Senate Democrats released an analysis showing that the Trump budget actually contained a net cut to infrastructure programs, reducing federal outlays by $145 billion over 10 years. Those include cuts to Amtrak, the Highway Trust Fund, eliminating TIGER grants, and a number of other reductions.
Democrats have slammed Trump’s entire budget proposal, and many of its proposed cuts are unlikely to win support even in the Republican-controlled Congress. But the furious criticism of his infrastructure outline dampens hopes for action on one of the few areas where Trump’s campaign promises aligned with Democratic priorities.
“President Trump’s campaign promises on infrastructure are crumbling faster than our roads and bridges,” Senate Minority Charles Schumer said in a statement, noting that the White House had ignored a $1 trillion proposal Democrats had sent earlier this year. “Democrats stand ready to work with President Trump to create jobs,” Schumer said, “but will stand united in opposition to the types of dangerous cuts we see today.”
The builder-turned-politician has been beating the drum on infrastructure since his debut on the campaign trail, when he vowed to rebuild “our roads, our bridges, our airports.” When Hillary Clinton offered up a program that would have topped out at $500 billion, Trump said he would more than double it. But Trump’s enthusiasm for the issue has never been matched by Republicans in Congress, who only begrudgingly added infrastructure to their list of priorities at the beginning of the year.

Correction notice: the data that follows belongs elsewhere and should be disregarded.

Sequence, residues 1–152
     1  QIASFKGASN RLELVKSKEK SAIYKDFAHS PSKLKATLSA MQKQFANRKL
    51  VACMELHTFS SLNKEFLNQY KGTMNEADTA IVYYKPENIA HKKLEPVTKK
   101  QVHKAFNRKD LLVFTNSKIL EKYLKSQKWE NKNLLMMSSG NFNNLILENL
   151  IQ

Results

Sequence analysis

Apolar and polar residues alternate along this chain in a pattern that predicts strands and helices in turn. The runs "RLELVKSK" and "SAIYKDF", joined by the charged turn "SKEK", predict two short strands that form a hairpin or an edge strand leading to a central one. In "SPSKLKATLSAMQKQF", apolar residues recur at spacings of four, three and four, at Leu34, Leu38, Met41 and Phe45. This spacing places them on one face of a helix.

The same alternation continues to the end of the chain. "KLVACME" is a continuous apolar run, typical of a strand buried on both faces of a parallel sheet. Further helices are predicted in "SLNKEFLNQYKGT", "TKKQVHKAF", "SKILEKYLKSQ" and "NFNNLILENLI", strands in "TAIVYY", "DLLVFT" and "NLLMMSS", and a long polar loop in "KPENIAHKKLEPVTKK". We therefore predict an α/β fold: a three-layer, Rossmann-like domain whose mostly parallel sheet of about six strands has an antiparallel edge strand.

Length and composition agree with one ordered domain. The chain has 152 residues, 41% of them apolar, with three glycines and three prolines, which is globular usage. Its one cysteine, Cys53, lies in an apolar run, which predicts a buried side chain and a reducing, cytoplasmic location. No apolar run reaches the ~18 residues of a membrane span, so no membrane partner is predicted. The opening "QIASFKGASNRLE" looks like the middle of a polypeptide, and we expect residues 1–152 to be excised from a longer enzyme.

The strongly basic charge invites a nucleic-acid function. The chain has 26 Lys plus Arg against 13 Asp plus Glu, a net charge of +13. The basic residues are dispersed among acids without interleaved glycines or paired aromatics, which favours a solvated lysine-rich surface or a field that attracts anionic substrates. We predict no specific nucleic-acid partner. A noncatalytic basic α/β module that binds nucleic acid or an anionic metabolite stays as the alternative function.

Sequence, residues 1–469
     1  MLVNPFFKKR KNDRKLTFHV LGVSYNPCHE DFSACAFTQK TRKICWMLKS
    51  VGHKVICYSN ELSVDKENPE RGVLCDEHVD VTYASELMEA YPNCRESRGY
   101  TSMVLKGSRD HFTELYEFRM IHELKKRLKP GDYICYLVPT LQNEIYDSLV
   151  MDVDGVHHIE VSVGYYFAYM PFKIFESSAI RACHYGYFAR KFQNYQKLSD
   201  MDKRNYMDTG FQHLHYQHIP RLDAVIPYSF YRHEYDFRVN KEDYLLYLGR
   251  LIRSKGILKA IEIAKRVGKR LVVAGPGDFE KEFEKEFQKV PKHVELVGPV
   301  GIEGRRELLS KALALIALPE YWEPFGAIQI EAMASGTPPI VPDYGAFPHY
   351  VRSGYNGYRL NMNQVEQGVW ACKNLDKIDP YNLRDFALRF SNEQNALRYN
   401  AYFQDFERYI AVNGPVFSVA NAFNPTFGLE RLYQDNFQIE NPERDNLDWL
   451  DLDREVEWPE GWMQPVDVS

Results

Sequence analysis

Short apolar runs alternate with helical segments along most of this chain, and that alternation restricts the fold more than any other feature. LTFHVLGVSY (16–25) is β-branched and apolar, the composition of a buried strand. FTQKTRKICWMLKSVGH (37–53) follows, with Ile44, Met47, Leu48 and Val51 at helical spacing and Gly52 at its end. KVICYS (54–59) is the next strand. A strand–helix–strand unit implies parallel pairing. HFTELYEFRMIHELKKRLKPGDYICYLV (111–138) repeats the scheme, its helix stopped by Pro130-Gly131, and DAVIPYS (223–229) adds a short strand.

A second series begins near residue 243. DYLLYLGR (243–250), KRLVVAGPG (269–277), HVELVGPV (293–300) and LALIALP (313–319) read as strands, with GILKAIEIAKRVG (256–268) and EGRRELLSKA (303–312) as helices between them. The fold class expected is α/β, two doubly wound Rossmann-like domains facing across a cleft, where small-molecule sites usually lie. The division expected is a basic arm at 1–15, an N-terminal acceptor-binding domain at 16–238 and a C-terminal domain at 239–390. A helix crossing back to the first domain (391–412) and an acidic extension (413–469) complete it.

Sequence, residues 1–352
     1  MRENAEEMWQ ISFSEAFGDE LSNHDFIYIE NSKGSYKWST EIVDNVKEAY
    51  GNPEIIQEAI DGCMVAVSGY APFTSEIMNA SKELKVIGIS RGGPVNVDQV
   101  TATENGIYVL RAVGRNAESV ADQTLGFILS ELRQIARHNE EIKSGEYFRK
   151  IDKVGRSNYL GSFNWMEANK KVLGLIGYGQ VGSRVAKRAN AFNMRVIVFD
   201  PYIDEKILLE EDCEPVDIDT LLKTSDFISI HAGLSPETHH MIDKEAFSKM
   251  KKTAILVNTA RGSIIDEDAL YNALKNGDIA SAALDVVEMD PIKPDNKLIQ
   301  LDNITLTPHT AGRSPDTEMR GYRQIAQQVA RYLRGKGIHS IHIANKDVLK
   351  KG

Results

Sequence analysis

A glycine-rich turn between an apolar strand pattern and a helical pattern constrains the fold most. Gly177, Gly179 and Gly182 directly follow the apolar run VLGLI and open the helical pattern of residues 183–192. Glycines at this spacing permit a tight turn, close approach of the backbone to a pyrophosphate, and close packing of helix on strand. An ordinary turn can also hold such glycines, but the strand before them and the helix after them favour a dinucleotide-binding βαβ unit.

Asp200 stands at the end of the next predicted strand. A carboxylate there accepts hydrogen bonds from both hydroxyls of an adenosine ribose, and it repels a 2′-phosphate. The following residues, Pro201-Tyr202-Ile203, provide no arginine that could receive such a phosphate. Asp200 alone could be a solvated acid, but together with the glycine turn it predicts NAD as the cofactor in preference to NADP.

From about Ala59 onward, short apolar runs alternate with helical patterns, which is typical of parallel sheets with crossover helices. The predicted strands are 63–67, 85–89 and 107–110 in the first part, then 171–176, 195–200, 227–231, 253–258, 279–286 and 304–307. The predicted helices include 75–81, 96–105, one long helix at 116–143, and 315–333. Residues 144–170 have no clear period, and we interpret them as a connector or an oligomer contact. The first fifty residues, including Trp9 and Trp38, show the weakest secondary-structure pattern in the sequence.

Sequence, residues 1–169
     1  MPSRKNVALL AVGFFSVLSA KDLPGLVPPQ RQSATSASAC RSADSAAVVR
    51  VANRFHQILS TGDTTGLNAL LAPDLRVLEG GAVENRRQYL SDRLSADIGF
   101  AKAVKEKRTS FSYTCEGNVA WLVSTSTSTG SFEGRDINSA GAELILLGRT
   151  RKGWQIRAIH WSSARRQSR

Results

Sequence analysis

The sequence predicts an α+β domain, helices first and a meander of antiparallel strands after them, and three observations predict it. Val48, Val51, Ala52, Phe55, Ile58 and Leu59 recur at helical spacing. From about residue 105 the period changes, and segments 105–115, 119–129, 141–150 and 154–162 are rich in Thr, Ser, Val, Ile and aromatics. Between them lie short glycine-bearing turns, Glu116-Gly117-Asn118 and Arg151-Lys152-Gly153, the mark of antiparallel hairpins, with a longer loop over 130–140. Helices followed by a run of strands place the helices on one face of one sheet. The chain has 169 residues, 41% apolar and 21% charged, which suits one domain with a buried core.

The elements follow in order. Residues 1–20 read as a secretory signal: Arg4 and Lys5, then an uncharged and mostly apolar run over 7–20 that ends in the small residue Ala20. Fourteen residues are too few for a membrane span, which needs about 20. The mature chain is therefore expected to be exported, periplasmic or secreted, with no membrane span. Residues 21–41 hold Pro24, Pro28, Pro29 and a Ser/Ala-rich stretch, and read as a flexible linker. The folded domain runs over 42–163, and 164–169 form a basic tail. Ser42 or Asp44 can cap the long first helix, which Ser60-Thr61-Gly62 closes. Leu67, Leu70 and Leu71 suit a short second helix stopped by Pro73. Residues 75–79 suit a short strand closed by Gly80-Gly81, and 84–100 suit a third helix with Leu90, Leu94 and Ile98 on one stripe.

Led by budget director Mick Mulvaney, the conservative spending hawks who drafted Trump’s blueprint appear to have further curtailed his ambitions. “Simply providing more federal funding for infrastructure is not the solution,” the budget proposal reads.
Advocates outside Congress received the president’s outline with a bit more diplomacy, holding out hope that a more detailed proposal from the White House expected later in the year would jumpstart bipartisan talks. But they, too, were underwhelmed.
“We would like much more,” said Marcia Hale, president of the advocacy group Building America’s Future. She said there was widespread support for using tax incentives to spur private development, but not as a substitute for federal spending on projects that could not get funding anywhere else. “We are also for using the private sector to leverage money, but the need in the country is so great that the $200 billion number is not going to do it.”
The American Society of Civil Engineers, an industry group angling for more infrastructure spending, has given the U.S. a D+ in its annual report card and says that together, federal, state, and local governments need to spend many times more than what Trump is proposing to meet the nation’s economic needs.
“It's actually $200 billion a year,” said Brian Pallasch, the group’s top lobbyist. “We're trying to figure out how that $200 billion is going to become $1 trillion,” he said. “We’re trying to better understand how that money can be leveraged. I’m not sure I quite understand it yet.”